L-phenylalanine is an essential amino acid which can be converted to L-tyrosine by a complex biochemical process which takes place in the liver. an essential amino acid which, once in the body, can also convert to another amino acid, tyrosine, which participates in synthesizing two key neurotransmitters that promote alertness, dopamine and norepinephrine. Through interaction with the central nervous system, it can elevate mood, decrease pain, aid memory and learning, and suppress the appetite.
Phenylalanine reduces cravings for alcohol and has been used to relieve inflammation, low mood, PMS, migraine and other chronic pain. The DL form is a combination of the basic protein building block and that which acts as a painkiller. Should not be taken by pregnant women or persons who suffer from panic attacks, diabetes, high blood pressure, phenylketonuria (PKU). or preexisting pigmented melanoma (a type of skin cancer). L-tyrosine can be converted by neurons in the brain to dopamine and norepinephrine (noradrenaline), hormones which are depleted by stress, overwork and certain drugs. By replenishing norepinephrine in the brain, mental energy levels are enhanced, some forms of depression are alleviated, and a feeling of contentment often occurs. Because of the liver conversion necessary for L-phenylalanine to have these effects, L-tyrosine is often faster acting. In addition, the conversion step from L-tyrosine to norepinephrine may be enhanced if the cofactors (vitamins B6 and C) are included.
L-phenylalanine is a protein amino acid. It is classified as an essential amino acid because the body requires a dietary source of the amino acid to meet its physiological demands. L-phenylalanine is found in proteins of all life forms. Dietary sources of the amino acid are principally derived from animal and vegetable proteins. Vegetables and juices contain small amounts of the free amino acid. The free amino acid is also found in fermented foods such as yogurt and miso. The alternative sweetener aspartame is a dipeptide of L-phenylalanine, as is the methyl ester, and L-aspartic acid.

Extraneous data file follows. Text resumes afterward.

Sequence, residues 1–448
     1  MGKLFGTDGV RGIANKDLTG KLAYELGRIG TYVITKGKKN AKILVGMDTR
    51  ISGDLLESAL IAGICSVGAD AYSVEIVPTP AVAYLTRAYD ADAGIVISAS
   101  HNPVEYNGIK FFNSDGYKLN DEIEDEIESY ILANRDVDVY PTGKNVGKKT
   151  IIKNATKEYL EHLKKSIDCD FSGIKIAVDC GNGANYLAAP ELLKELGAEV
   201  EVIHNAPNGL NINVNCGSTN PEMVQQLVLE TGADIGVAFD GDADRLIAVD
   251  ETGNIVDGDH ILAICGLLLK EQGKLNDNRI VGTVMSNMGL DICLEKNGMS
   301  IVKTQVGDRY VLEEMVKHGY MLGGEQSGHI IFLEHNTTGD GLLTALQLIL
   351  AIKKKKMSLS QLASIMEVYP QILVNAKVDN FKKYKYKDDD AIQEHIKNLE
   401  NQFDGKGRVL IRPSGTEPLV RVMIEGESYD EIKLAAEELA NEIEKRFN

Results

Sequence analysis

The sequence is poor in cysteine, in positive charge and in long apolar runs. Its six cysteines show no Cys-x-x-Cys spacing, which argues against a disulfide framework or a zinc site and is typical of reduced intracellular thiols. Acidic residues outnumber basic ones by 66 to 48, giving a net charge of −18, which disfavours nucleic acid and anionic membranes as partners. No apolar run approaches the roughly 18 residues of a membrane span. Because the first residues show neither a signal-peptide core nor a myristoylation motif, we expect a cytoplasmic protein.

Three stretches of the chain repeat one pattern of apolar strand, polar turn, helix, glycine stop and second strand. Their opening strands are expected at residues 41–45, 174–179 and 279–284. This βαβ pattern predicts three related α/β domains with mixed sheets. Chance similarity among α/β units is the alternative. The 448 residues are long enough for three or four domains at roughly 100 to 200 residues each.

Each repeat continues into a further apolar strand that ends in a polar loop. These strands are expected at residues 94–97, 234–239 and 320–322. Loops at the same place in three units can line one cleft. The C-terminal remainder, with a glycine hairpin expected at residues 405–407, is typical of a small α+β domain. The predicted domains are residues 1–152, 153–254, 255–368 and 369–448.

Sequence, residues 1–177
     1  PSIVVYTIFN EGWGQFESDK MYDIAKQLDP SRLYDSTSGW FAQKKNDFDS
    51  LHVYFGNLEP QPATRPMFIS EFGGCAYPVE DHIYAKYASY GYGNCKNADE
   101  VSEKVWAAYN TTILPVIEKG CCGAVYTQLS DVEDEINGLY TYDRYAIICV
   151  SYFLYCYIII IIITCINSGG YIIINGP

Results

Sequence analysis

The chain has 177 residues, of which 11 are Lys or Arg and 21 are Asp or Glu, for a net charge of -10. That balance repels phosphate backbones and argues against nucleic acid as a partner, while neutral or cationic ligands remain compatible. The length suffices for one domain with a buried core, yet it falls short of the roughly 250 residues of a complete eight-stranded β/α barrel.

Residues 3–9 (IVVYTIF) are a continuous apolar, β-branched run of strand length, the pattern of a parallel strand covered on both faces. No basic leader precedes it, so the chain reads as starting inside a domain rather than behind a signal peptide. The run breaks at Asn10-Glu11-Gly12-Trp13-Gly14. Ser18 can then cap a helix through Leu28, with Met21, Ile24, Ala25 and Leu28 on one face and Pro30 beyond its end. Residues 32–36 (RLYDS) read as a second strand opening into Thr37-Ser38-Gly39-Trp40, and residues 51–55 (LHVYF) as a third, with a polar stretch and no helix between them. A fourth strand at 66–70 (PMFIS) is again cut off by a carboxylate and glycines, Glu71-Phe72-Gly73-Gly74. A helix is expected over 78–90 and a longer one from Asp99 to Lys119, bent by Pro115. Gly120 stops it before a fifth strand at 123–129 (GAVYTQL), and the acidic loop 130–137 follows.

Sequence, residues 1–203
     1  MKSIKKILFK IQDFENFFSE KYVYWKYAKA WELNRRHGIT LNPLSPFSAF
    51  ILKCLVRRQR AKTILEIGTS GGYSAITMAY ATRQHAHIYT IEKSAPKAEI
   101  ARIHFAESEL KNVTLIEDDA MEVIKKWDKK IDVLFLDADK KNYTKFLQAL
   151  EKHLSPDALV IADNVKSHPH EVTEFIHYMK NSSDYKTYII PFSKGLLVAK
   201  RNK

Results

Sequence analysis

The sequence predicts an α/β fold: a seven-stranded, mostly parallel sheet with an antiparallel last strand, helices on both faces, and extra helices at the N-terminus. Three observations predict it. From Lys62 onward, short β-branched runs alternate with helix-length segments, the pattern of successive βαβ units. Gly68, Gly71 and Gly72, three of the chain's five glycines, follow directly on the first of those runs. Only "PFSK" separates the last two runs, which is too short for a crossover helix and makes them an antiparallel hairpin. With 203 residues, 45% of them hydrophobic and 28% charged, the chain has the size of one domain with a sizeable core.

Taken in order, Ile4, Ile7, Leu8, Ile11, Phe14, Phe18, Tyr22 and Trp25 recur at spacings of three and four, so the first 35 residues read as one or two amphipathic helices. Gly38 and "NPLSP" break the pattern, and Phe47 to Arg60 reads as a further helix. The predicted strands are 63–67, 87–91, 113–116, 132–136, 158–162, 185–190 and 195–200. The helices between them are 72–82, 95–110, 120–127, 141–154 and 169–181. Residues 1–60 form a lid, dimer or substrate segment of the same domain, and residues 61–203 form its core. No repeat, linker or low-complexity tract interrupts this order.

In addition to being involved in protein synthesis, L-phenylalanine is the precursor of L-tyrosine. The conversion of L-phenylalanine to L-tyrosine is via the enzyme L-phenylalanine hydroxylase. It is this enzyme that is virtually absent in those with the inborn error of metabolism phenylketonuria (PKU). L-tyrosine produced from L-phenylalanine is a precursor in the synthesis of the neurotransmitters norepinephrine and dopamine, among other reactions. L-phenylalanine is marketed as a nutritional supplement and used by some for its putative antidepressant activity.
L-phenylalanine is also known as beta-phenylalanine, alpha-aminohydrocinnamic acid, (S)-2-amino-3- phenylpropanoic acid and alpha-amino-beta-phenylpropionic acid. It is abbreviated as either Phe or by its one-letter abbreviation F. The molecular formula of L-phenylalanine is C9H11NO2, and its molecular weight is 165.19 daltons.
L-Phenylalanine aids in the production of dopamine and epinephrine (which effect transmission of impulses) are the result of this amino acid, suggesting that memory, alertness, and learning may be improved.